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Dear HCCUA Members:
It’s time to focus on your health! It is common to fall out of our daily diet and exercise routines during the winter months and even easier to indulge in a variety of comfort foods. Unfortunately, these indulges in traditional fatty foods and sweets can sometimes spike glucose levels to undesirable readings.
Diabetes has been cited as the most challenging health problem in the 21st century. Over 25 million people in the United States have diabetes. Both type 1 and type 2 diabetes speed up the aging of our bodies, in addition to accelerating the development of atherosclerosis, or cardiovascular disease. In fact, diabetes doubles the risk of heart attack and stroke.
The heavier you are, the greater the risk you will develop type 2 diabetes. Whereas type 1 diabetes is a disease of insulin deficiency, type 2 diabetes typically develops because the body is insulin resistant and requires more insulin than normal. Our body’s cells are fueled by glucose, and insulin acts as a key that allows glucose from the blood to enter our cells. If the pancreas does not produce insulin, or the body’s cells no longer respond to insulin, glucose remains in the blood instead of being used by the cells, resulting in abnormally high blood glucose, which is harmful to the body.
Education and self-care practices are important aspects of glucose management that help people with diabetes stay healthy. There probably is no one way to eat that works for everyone. For some, all but eliminating carbohydrates is the ideal way to normalize blood glucose levels. For others, eating a higher-carb diet and covering the carbs with insulin or oral medications wins. This is why meal plans should be geared to fit each person’s individual lifestyle.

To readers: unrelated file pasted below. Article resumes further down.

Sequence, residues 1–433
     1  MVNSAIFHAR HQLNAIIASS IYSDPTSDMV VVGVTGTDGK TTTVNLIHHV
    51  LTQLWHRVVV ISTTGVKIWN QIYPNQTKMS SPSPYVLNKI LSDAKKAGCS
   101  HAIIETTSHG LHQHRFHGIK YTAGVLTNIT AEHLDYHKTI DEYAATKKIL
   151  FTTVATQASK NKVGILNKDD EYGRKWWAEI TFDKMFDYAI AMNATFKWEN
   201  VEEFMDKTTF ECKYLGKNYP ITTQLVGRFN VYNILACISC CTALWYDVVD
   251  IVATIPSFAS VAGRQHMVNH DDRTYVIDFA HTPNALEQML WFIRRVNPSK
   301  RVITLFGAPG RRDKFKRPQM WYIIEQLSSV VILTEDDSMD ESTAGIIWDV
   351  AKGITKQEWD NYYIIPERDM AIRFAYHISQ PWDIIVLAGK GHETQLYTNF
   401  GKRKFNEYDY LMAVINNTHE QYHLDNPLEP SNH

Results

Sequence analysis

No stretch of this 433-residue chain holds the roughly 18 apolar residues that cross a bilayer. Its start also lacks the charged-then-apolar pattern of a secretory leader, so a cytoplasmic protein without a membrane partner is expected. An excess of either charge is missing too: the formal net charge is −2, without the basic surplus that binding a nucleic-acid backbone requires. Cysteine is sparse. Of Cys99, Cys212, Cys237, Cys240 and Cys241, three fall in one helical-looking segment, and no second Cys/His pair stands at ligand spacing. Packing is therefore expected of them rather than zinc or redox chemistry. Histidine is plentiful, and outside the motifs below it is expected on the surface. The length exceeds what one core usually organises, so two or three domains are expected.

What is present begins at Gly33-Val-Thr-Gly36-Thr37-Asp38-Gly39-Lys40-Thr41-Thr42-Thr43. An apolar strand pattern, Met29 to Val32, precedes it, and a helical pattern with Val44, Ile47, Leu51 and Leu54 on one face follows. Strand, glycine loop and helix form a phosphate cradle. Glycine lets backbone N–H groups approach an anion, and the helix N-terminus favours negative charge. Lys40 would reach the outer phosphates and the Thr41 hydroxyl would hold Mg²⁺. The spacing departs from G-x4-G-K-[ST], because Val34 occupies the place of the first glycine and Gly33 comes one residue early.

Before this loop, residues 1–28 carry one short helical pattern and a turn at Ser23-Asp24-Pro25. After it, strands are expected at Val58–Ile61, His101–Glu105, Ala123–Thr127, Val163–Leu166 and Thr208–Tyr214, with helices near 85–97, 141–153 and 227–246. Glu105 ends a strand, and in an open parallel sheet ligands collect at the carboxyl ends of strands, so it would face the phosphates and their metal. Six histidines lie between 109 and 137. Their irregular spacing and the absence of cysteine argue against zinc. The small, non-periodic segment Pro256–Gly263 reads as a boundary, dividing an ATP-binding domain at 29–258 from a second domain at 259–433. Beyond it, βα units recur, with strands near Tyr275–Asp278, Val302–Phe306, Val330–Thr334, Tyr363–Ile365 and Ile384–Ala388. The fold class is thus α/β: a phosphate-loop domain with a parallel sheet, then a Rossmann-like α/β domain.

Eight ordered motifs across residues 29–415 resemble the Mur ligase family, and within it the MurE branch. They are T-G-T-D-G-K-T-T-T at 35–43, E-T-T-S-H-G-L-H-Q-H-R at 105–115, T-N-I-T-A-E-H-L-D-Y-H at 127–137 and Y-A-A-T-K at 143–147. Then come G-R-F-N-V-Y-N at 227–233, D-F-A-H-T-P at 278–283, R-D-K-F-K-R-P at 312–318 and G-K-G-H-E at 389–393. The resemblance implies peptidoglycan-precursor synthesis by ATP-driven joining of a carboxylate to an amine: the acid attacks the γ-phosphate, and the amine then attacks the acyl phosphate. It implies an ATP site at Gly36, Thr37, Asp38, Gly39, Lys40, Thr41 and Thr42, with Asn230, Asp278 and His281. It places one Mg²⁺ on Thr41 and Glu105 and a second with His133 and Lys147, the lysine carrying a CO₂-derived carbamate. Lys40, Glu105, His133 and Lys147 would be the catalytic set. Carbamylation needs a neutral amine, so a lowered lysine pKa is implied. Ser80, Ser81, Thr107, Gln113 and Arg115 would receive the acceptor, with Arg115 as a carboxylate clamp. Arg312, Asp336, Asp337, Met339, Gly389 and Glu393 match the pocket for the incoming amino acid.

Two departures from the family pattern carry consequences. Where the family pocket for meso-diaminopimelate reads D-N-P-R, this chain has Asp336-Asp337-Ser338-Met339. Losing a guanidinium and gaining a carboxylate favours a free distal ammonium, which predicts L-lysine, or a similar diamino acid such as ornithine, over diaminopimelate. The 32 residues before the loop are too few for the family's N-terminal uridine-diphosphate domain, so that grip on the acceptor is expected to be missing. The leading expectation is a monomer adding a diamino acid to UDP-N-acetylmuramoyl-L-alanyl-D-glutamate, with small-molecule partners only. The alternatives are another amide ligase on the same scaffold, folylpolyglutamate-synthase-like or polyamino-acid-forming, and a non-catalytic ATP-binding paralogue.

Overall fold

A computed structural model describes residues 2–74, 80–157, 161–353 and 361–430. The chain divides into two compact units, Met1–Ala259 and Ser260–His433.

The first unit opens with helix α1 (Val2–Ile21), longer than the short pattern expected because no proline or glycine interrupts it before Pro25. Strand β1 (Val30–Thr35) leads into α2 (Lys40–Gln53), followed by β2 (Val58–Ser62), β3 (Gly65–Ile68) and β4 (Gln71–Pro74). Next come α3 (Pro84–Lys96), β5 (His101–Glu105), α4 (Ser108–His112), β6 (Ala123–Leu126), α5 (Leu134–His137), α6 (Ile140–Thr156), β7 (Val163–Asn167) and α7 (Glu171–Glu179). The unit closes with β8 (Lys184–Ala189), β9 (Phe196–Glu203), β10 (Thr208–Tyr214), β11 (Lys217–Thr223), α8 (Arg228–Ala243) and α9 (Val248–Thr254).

Keep in mind that what works for someone else may not necessarily work for you and vice versa. You may need to experiment to see how different methods affect your blood glucose levels. Consider making an appointment with a registered dietitian, who can review your individual needs and circumstances and help you tailor a nutrition plan that is right for you. In the end, the best meal plan is a healthy one that you are able to follow.
For diabetics, physical activity is essential in helping maintain normal glucose levels in addition to a balanced diet. You should become familiar with how your blood glucose responds to exercise. Checking your blood glucose level frequently before and after exercise can help you see the benefits of activity. You can also use the results of your blood glucose checks to see how your body reacts to different activities. Understanding these patterns can help you prevent your blood glucose from going too high or too low.
For those of you that may be insulin dependent or constantly checking your glucose blood levels, you might want to take some interest in our Prescription Advocacy Services, if you have not already. Included as part of your HCCUA e-Newsletter we better explain how these services can help you get medications for a lower cost and at times at no additional charge to you.
We also like to find healthy recipes, for instance, from Cooking Light or Myrecipes.com that show you recipes that can make you feel like you are indulging in foods you shouldn’t be eating, but in actually can be good for you. Sometimes substituting certain ingredients for others is all we need to do to make a recipe better for your health. Many of these recipes also include Nutritional value which can help you keep on track as well. Try the attached recipe Chicken Breasts with Avocado, Tomatoes and Cucumber Salad. We would enjoy for members to send us healthy recipes that you enjoy and help you maintain a healthy lifestyle.
Kristine Eckardt, Director of Member Communications,